sure , as well , in other view .it can be said that thin body is symbol of activeness and alertness of happenings in the neighborhood and society while potbelly symbolizes less activity and sitting posture . So can it be said thinness is our requirement more than the symbols?

  • Pramod

    If only I was born in ancients times I would have been the most coveted man…but one this is I can now claim to have divine looks..lol

  • Yes, the rural pot-belly is a sign of ‘abundance – many family members, neighbours, who shared joys and sorrows – in homes, villages amidst natural surroundings and with natural inputs- and also outputs !Eat simple food at home and excrete wastes outside in the fields after a good walk.Kamrey ( rooms) aur Kamar ( waist)badey they !The Urban pot-belly is the exact opposite – in nuclear families that may not eat together – in artificial homes that debar the elements from peeping in. Complex multi-regional meals eaten outside in expensive restaurants – but the wastes are excreted in expensive (and expansive) toilets inside the home !Ab Kamrey ( rooms) chhotey aur Kamar( waist) badey hain !
    The Battle of the Bulge ! ?

  • optyagi

    eating too much is wastage of foodgrains , which is already in short supply. if we r rich we should think of persons leaving below pooverty lines. who think like that they r the real rich.

  • Sanjana

    This made for a very interesting read….
    I am exploring the changing notions of beauty in Indian society and the craze for thinness and the kind of things people are willing to do to their bodies to attain “the perfect figure” are unbelievable!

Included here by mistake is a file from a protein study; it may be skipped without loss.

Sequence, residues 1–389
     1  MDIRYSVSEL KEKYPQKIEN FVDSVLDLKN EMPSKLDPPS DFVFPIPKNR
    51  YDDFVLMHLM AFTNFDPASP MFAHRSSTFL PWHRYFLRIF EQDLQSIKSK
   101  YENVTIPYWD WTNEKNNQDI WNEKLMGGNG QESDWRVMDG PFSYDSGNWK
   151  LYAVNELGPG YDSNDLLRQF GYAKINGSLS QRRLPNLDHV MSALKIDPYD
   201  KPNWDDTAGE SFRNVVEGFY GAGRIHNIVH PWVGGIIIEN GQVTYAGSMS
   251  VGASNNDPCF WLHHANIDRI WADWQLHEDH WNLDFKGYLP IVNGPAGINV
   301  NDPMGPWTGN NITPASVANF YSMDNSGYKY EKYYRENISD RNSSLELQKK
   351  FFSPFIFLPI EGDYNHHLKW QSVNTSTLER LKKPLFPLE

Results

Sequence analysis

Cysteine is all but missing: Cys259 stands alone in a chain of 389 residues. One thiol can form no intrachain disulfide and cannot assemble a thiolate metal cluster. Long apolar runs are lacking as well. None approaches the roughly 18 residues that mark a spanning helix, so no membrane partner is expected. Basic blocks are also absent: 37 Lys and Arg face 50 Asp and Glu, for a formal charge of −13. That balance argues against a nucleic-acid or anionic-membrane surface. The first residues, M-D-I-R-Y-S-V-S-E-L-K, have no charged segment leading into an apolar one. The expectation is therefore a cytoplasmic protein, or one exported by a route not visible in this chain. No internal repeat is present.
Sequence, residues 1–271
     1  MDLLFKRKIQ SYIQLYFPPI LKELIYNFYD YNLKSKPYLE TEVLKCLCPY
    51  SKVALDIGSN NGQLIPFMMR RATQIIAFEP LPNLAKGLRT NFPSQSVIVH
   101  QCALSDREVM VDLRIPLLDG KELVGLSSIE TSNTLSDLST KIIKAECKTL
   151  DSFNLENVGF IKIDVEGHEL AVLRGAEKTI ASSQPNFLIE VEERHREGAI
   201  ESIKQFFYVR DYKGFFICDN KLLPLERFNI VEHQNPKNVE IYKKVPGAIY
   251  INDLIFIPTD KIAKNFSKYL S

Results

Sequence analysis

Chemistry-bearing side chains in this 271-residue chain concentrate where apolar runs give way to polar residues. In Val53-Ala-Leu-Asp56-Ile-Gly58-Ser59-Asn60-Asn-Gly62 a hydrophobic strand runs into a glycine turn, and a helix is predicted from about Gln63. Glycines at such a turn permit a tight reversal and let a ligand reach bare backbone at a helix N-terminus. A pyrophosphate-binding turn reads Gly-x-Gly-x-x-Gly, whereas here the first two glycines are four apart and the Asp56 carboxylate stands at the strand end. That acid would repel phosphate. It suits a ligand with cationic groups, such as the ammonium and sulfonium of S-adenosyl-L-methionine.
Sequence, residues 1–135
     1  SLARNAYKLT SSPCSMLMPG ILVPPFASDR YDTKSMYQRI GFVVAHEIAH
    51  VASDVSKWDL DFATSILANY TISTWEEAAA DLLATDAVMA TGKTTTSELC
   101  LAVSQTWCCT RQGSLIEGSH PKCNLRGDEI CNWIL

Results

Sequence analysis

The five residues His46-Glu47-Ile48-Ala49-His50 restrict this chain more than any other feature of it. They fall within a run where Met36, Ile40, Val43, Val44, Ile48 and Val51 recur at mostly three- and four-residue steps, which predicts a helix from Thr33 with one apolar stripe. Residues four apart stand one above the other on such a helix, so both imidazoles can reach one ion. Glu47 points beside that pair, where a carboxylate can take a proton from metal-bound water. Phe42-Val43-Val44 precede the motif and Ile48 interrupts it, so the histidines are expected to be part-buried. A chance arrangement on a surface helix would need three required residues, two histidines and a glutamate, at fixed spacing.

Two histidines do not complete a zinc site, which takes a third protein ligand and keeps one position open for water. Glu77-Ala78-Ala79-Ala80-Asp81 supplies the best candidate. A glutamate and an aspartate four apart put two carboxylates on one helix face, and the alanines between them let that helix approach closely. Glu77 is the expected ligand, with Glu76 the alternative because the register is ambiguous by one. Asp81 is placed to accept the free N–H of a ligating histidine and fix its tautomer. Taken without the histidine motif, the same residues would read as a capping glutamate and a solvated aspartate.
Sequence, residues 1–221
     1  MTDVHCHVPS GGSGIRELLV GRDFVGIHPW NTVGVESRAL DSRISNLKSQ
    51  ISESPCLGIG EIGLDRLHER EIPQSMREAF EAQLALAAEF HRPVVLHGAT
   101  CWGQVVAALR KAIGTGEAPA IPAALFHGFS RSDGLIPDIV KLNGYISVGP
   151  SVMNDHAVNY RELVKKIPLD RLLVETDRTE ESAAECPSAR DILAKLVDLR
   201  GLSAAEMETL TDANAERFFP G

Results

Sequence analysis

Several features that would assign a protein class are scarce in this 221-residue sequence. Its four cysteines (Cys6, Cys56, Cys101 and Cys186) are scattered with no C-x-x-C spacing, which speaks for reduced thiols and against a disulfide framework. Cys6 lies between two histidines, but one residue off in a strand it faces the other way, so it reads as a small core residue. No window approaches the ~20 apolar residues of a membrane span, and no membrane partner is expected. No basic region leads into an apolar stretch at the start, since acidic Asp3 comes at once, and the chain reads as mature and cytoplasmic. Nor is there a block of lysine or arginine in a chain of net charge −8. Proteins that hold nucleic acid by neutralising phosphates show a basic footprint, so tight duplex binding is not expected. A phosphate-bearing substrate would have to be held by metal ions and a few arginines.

A lot of it has to do with new age consumption of the media, its messages and the forces of the market that are at play all around us 24*7.

  • I am not sure if it is a shift or as much it is the social value of demand and supply.

    Every generation worships the scarce and the rare things of those contemporary times. In the times where food is scarce and hence everyone thin, fat and bulky is the other side of the norm – that which is rare and hence given value. And now when pot bellies are a given, 6 pack is a rarity and hence of higher value.

    If for example in a country like US where pale skin is the norm, a tan is looked at the epitome of beauty. In India, we look at fair skin as a premium asset.

    Is it not?

    • Prabhat

      I fully agree with you.

      Whatever pot bellies signified in those days, it is unhealthy as it leads to dieseases.If a shift is happening for all good reasons, it should be welcomed.

      And we should celebrate both gym and dining table.

  • Kishore

    Devji
    You are as usual good in comparing or connecting the never imaginable things. As Ujwal said, very interesting observations.
    But I would like to echo with GV Shankara Rao in one aspect – we cannot remain stagnant. The reason people are trying to get rid of the fat in the pot belly is purely because of medical reasons. Ok, forget about film heroes, they are totally different from layman. They have a reason to so many things they do.

  • Aarya Haritejam

    krishna balrama, arjuna even tamil king makaradwaja pandya who took part in mahabharat yuddham are stated as wrestler built . guess you forgot to read that